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The Japanese Communist Party was close behind the ruling Liberal Democratic Party in political fundraising last year, a Jiji Press survey has found.

The LDP, the top earner among Japanese political parties, raised ¥56.1 billion in 2014, up 4 percent from the previous year, according to the survey released Saturday.

The JCP came next with ¥49.3 billion, up 1.6 percent. The rise reflected an increase in the presence in the Diet of the party, which added seats in the House of Councilors election in 2013 and the House of Representatives election in 2014.

The two were the only ones among the major political parties that enjoyed funding growth last year.

The total amount of funds raised by political parties and organizations in 2014 stood at ¥229.9 billion, down 0.7 percent.

Komeito, the LDP’s partner in the ruling coalition, saw its funds slump 13.9 percent to ¥17.9 billion, ranking third among the parties surveyed.

The main opposition Democratic Party of Japan followed with ¥16.4 billion, down 13.7 percent. The weakness reflects slow progress in the recovery of the party’s strength since it fell from power in 2012.

Ishin no To (Japan Innovation Party), created last year, raised ¥3.6 billion, against ¥2.1 billion earned by the Jisedai no To (Party for Future Generations), also formed last year.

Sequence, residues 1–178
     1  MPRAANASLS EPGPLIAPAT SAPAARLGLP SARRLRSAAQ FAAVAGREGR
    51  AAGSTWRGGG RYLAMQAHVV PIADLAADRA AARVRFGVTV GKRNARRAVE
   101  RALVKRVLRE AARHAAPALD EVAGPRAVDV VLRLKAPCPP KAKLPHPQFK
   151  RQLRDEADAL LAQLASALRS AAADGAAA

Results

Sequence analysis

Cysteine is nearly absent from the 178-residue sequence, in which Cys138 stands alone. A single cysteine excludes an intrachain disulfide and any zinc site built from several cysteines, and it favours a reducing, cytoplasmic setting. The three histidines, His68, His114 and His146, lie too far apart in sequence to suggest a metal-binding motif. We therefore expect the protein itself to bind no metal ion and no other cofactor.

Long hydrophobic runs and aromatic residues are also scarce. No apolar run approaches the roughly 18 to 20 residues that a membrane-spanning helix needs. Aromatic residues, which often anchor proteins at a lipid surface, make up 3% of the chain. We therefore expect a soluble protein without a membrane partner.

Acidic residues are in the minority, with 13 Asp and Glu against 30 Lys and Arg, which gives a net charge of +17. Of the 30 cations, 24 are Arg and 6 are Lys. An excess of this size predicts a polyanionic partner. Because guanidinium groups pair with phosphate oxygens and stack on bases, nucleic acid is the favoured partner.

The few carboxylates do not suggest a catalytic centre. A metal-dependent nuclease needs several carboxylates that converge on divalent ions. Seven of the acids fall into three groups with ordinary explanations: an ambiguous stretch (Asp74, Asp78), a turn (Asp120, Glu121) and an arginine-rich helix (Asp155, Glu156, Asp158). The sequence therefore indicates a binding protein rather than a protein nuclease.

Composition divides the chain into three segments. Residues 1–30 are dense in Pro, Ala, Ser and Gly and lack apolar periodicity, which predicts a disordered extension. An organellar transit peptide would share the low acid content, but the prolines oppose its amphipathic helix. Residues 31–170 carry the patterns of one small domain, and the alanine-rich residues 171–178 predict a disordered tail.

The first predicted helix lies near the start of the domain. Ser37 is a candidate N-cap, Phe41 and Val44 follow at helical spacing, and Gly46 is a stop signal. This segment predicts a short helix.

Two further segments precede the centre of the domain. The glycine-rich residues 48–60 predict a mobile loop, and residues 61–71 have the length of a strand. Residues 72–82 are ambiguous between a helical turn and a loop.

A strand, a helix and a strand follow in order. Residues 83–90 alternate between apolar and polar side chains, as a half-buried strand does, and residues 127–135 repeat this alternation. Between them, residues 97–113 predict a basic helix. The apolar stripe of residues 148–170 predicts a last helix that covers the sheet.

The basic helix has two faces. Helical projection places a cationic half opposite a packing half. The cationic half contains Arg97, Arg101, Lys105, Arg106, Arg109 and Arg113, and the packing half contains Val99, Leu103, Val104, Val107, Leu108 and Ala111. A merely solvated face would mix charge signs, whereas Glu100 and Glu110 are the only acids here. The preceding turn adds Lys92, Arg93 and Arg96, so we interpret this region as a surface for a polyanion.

Revenue drops were reported by existing major parties such as the Social Democratic Party, the Seikatsu no To (People’s Life Party) and the Shinto Kaikaku (New Renaissance Party).

The total spending by the Japanese political parties and organizations last year stood at ¥223.4 billion, down 4.5 percent.

Among the Cabinet members, Prime Minister Shinzo Abe was the third-biggest earner with ¥180 million. The top earner was Finance Minister Taro Aso with ¥196 million, followed by the economic revitalization minister, Akira Amari, with ¥181 million.

Abe ranked top among the leaders of major political parties. People’s Life Party head Ichiro Ozawa slipped to the third place with ¥117 million after holding the top slot for two years.

The survey covered political funding reports submitted to the prefectural election boards across Japan by Saturday, as well as those presented to the internal affairs minister, which were disclosed on Nov. 27.